Penn’s Morris Arboretum Is a Year-round Oasis

facebook twitter google print email
Media Contact:Jeanne Leong | jleong@upenn.edu | 215-573-8151February 27, 2014

It may be that many people don’t think of the Morris Arboretum when it is cold and snowy outside, but the University of Pennsylvania site offers unique scenic views and seasonal activities aplenty even in the winter.
 
“The landscape really changes when everything is covered with snow,” says Anthony Aiello, director of horticulture and Arboretum curator. “It’s really magical here.”
 
At the University’s 92-acre gem in the Chestnut Hill section of Philadelphia, magnificent evergreens such as holly trees and conifers are topped off with a coating of snow. In the winter, it’s a common site to find deer, bird or squirrel tracks in the snow as they trek across the gardens.
 
The winter still offers an array of colors on the Arboretum grounds from the nearly 70 varieties of witch hazel. The most common types of the winter flowering shrub in the gardens include Chinese witch hazel, the hybrid witch hazel and the North American vernal witch hazel. Emitting a sweet and spicy fragrance, the flowers’ colors range from bright yellow, to orange to ruby red.
 
While some birds have migrated south for the winter, a large number remain. The red tail hawk, coopers hawk and turkey vulture are among the nearly 40 varieties of birds that Arboretum staff have spotted this winter.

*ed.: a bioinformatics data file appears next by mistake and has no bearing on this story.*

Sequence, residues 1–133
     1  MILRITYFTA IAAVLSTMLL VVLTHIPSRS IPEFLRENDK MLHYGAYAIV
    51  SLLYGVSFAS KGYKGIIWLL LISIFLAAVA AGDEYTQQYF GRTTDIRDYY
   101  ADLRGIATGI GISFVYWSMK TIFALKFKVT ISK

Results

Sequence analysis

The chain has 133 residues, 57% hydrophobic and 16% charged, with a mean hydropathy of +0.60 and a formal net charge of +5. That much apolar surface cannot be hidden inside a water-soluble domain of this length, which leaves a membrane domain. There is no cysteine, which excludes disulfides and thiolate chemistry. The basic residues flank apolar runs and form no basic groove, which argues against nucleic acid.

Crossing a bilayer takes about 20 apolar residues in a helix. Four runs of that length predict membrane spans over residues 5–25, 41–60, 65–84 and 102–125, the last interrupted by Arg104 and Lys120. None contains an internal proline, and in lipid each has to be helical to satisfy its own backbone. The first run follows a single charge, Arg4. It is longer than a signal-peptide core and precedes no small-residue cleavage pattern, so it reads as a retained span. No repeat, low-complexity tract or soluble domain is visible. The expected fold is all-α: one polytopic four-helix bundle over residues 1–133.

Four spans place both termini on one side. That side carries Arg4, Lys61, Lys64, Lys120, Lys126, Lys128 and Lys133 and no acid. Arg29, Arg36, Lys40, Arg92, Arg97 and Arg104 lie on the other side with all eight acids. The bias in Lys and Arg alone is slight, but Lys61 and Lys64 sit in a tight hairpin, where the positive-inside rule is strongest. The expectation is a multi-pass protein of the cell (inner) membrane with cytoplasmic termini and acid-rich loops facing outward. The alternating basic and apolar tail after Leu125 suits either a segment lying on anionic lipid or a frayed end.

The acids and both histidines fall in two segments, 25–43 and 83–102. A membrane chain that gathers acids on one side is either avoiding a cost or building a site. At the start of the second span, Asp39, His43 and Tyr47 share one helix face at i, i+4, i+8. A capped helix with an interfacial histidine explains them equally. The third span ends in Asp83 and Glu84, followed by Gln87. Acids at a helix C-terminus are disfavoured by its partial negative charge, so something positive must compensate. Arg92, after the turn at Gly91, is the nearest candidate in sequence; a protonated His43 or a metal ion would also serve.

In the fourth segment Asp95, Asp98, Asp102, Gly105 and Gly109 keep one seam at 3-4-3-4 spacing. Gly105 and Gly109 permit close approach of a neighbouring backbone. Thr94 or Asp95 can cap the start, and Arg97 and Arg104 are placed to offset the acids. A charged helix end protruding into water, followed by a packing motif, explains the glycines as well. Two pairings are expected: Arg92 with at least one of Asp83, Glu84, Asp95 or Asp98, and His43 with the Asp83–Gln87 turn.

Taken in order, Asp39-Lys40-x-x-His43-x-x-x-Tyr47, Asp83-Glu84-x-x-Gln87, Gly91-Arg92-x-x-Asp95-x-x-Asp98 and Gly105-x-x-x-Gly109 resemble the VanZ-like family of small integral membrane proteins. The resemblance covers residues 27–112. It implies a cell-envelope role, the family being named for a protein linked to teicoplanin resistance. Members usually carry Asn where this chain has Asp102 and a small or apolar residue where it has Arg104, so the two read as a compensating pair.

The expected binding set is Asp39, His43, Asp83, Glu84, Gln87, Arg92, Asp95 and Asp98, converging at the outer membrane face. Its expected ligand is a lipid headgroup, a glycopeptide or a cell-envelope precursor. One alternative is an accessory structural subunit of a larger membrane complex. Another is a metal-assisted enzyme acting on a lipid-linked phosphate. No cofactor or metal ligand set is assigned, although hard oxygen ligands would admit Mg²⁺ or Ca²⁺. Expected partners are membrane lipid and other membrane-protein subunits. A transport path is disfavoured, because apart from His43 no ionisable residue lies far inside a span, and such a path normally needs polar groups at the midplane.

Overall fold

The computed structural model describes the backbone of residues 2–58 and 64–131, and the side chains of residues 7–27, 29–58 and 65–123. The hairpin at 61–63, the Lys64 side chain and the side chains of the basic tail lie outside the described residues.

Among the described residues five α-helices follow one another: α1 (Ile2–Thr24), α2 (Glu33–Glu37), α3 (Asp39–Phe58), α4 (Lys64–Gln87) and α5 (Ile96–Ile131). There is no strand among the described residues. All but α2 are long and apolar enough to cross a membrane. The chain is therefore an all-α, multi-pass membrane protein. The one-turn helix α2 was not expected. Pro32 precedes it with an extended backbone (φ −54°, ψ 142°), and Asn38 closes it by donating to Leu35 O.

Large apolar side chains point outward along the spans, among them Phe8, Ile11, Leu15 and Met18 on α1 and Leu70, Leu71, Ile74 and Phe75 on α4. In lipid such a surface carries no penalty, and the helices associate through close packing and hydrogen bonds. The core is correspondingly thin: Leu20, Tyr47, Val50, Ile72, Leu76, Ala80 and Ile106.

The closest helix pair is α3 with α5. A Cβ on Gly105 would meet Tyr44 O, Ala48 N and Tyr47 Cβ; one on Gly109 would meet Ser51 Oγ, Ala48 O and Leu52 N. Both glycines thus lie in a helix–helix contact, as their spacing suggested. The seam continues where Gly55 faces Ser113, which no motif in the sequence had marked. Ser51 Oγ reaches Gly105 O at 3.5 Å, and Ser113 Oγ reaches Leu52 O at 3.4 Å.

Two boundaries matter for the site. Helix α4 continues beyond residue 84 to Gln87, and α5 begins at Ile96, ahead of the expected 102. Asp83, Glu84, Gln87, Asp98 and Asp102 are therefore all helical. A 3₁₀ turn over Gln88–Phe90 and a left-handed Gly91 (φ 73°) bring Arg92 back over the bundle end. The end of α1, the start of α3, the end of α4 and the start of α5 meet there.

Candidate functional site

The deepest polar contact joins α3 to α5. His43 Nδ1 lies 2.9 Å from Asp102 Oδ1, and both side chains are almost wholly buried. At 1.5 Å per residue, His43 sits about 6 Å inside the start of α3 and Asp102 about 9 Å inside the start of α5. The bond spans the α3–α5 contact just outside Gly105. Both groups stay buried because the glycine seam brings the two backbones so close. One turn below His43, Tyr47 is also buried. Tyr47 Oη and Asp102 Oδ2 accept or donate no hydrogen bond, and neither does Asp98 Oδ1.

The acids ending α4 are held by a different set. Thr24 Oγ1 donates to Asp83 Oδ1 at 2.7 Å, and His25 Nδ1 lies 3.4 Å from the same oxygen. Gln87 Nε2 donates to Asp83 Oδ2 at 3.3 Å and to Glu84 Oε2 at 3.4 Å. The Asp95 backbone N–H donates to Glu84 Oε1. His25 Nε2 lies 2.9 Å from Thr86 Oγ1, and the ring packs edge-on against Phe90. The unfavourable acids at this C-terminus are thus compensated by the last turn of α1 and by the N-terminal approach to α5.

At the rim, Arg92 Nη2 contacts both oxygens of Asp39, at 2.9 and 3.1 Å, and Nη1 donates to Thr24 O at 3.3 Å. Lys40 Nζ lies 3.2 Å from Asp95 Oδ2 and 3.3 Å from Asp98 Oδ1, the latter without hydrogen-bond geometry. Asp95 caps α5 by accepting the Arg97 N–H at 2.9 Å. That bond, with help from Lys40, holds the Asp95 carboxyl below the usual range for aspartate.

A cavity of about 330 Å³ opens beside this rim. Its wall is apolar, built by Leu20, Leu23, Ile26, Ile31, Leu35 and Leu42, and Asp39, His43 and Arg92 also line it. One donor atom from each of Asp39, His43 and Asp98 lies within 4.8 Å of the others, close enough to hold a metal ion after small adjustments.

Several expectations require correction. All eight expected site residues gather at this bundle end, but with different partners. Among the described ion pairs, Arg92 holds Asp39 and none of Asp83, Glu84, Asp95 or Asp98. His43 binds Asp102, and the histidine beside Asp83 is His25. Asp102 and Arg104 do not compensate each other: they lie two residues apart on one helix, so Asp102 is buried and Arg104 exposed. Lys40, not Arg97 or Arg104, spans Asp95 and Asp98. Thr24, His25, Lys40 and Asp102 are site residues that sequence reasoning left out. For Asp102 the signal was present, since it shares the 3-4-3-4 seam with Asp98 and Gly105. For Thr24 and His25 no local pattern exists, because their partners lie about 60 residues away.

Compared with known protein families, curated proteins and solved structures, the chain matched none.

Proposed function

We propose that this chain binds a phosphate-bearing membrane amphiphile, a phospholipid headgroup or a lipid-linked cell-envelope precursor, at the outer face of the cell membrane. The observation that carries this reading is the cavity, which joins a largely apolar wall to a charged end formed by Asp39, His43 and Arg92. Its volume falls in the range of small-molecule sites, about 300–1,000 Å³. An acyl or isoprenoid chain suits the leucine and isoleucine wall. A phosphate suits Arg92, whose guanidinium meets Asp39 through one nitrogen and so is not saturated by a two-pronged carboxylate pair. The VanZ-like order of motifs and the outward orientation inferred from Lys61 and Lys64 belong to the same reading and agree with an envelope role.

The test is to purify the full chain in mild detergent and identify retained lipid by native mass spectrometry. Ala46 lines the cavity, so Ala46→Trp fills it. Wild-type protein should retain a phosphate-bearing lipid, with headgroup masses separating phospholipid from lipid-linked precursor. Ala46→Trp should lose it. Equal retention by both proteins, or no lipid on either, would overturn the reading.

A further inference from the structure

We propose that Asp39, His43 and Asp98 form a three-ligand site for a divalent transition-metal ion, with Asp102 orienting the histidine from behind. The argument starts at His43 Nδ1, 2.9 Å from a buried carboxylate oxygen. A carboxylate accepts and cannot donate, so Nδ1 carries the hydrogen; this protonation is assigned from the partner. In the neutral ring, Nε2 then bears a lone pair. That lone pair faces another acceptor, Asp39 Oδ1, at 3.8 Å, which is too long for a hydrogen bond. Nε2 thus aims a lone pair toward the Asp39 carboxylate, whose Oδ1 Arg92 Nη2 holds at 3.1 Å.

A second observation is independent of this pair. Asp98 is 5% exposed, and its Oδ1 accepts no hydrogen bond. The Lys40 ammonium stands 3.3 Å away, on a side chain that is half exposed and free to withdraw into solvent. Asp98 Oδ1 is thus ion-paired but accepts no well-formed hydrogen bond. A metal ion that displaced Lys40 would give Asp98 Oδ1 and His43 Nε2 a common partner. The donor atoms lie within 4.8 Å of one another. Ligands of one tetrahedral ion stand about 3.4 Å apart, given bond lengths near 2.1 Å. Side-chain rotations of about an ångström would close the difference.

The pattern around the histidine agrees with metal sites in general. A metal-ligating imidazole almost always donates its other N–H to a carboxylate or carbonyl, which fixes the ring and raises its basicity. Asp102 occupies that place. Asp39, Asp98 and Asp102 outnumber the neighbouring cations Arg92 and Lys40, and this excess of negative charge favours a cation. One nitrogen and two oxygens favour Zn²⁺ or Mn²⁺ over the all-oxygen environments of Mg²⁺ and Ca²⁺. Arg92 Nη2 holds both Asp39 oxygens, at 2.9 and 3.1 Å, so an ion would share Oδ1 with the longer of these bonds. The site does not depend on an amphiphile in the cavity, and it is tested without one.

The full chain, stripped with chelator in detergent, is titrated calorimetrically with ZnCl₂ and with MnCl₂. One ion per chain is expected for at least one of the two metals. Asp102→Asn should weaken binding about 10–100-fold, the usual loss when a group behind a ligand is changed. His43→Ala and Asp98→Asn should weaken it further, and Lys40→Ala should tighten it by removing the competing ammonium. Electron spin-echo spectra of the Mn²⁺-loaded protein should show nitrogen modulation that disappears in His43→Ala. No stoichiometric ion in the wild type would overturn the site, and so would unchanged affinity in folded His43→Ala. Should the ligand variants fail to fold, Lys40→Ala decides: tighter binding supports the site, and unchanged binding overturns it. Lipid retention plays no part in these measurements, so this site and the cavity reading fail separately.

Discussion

The swan pond is open year round and remains a popular attraction for both people and waterfowl.
 
“There are usually some ducks in there with them,” Aiello says. “You need to look at things through a different lens in the winter, but there’s plenty to see.”
 
The Arboretum also offers special winter activities such as its “Winter Wellness Walks.” Led by an experienced volunteer guide, these walks are held every Saturday and run through March 29 this year.
 
During the winter months, the Arboretum also begins preparing for the spring and summer seasons by doing an inventory of its plants, checking on whether any plants need pruning and making sure they’re healthy.
 
“If we’re doing any garden restorations, we do our planning work and design work and order plants for the upcoming season,” Aiello says. “A big part of what we do is laying the groundwork for the work that we’re going to be doing.“
 
Morris Arboretum, located about 13 miles northwest of Penn’s campus, was the estate of Lydia Morris and her brother, John. In 1932, the University was entrusted with the administration of the estate and with transforming it into a public arboretum and educational center. Listed on the National Register of Historic Places, it was named as Pennsylvania’s official arboretum in 1988.
 
Complete information is available at the Morris Arboretum Web site at www.upenn.edu/arboretum.

Multimedia